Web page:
A transfer may be of only one or more past, present, future, or contingent rights concerning an asset without also transferring possession and/or ownership of the asset, or vice versa. Thus, a transfer may include all rights, powers, and options of the transferring party thereunder, including, without limitation, the immediate and continuing right to claim for, collect, and receive payments in respect of transferred assets and the right to sell such transferred assets, or may include a smaller subset as the parties agree, as well as other monies payable with respect thereto, the right to give and receive notices and other communications, to make waivers or other agreements, to exercise all rights and options, and generally to do and receive anything that the transferring party was or may have been entitled to do or receive thereunder or with respect thereto, regardless of the manner or legal nature of the transfer. Thus, e.g., in the quoted phrase (“the transfer of at least some of the pawnshop enterprise's pawned assets to a first entity for a first consideration”), the pawnshop enterprise's pawned assets would be granted, sold, warranted, alienated, remised, demised, released, conveyed, assigned, transferred, deposited, set over, and/or the like directly or indirectly to the first entity.

The term “causing, participating in, structuring, financing, negotiating, or otherwise facilitating” (as in the phrase “causing, participating in, structuring, financing, negotiating, or otherwise facilitating the transfer of at least some of the pawnshop enterprise's pawned assets to a first entity for a first consideration”) should be broadly understood and includes determining the appropriate legal structure for a securitization, establishing any required special purpose entities, drafting and negotiating the terms of the legal agreements, establishing the cash flow mechanisms, establishing lockbox or other agreements with banks for use in connection with a securitization, transferring or purchasing the assets, contributing assets to the capital of a subsidiary or accepting such contribution, issuing or making the secured financial instrument, issuing, underwriting, rating, or offering securities, obtaining or providing credit support, backup liquidity lines, guarantees, or other credit enhancements, or otherwise directly or indirectly effecting or bringing about by command, authority, or force, taking part or sharing in, making easier, permitting or forbearing from restraining or preventing, spurring on, stimulating, giving help to, and fostering, regardless of the manner or legal nature of the causation, participation, etc. For example, in the quoted phrase, the specified transfer of those assets could be brought about by the board of directors of a pawnshop enterprise by approving transfer agreements and causing the officers of such pawnshop enterprise to execute such agreements.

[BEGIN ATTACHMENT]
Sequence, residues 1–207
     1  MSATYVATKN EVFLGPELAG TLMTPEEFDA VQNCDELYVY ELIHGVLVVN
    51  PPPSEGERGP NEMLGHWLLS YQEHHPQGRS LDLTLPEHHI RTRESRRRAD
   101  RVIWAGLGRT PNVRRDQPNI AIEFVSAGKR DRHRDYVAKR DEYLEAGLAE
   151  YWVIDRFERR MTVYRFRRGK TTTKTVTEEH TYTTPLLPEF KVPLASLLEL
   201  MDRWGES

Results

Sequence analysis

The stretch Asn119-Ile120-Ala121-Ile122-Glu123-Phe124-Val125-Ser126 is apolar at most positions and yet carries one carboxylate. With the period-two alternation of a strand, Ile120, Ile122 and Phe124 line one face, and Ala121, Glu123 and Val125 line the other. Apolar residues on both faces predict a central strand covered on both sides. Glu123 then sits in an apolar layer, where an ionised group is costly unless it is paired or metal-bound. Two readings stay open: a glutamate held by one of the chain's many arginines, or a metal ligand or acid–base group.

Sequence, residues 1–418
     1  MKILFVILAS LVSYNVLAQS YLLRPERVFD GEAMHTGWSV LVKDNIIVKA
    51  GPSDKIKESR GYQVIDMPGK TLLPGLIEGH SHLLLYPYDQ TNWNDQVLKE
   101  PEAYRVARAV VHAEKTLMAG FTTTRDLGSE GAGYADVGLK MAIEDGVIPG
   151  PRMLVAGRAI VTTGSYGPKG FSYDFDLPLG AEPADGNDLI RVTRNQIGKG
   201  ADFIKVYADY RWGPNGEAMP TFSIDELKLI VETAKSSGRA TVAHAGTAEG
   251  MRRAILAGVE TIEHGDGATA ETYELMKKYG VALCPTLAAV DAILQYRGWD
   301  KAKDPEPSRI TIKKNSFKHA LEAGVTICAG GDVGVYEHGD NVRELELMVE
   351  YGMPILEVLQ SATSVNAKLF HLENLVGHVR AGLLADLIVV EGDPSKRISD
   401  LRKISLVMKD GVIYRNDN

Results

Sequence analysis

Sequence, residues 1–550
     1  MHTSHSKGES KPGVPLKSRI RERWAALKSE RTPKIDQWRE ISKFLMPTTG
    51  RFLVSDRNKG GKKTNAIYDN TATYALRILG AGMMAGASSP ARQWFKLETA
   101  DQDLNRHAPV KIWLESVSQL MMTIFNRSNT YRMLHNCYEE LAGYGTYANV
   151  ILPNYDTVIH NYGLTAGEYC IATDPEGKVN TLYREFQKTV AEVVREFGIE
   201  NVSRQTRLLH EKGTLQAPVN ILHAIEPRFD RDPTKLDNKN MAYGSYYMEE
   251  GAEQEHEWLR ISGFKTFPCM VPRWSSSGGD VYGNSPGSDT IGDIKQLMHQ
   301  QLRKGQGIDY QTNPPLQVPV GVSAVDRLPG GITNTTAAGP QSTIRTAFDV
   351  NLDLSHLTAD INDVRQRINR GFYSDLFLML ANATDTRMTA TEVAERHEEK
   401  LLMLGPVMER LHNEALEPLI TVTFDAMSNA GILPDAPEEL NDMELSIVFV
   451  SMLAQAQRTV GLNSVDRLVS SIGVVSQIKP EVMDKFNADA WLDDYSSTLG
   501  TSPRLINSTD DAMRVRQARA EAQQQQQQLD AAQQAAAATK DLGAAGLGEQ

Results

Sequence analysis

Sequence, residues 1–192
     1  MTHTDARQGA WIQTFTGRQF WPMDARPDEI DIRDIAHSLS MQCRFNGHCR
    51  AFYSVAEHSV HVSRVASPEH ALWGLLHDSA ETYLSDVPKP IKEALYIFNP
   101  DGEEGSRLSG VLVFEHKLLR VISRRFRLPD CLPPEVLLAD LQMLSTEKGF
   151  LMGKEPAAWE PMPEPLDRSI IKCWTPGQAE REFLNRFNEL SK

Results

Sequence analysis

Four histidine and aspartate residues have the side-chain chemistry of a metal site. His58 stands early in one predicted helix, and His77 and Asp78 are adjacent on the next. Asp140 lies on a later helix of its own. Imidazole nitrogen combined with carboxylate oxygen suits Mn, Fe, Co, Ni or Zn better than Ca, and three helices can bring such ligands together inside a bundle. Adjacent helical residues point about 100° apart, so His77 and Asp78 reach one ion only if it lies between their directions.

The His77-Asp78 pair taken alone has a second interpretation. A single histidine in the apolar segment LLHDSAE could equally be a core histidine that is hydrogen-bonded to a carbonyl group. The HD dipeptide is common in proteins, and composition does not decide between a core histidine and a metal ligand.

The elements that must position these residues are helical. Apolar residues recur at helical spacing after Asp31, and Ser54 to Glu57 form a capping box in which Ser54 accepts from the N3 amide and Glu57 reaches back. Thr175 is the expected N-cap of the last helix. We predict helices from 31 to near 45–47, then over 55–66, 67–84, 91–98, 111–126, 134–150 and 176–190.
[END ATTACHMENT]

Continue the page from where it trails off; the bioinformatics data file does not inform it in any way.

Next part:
The term “true sale” should be broadly understood to mean a transaction that legally and equitably removes the assets and any interest in the assets from the transferor (or its estate in case of a bankruptcy, insolvency, receivership, or similar structure or proceeding) and does not permit the transferor to unilaterally reclaim such assets or permit creditors of the transferor (or a bankruptcy receiver or trustee) to reclaim such assets on behalf of the transferor. A true sale may also be referred to as legal isolation of such assets from the transferor or from the insolvency risk of the transferor. Whether a particular transfer is a true sale depends on the facts and circumstances of the particular transaction and may involve, among other things, an analysis of whether the risks and benefits of the particular financial asset have passed from the transferor to the transferee (e.g., special purpose entity) and whether the transferor has received a fair consideration for those risks and benefits. For example, for there to be a true sale of the pawned assets, the price paid for them (including the rate of interest on any part of the price not paid immediately) will have to be a fair consideration, taking into account all the other facts and circumstances of the particular transaction.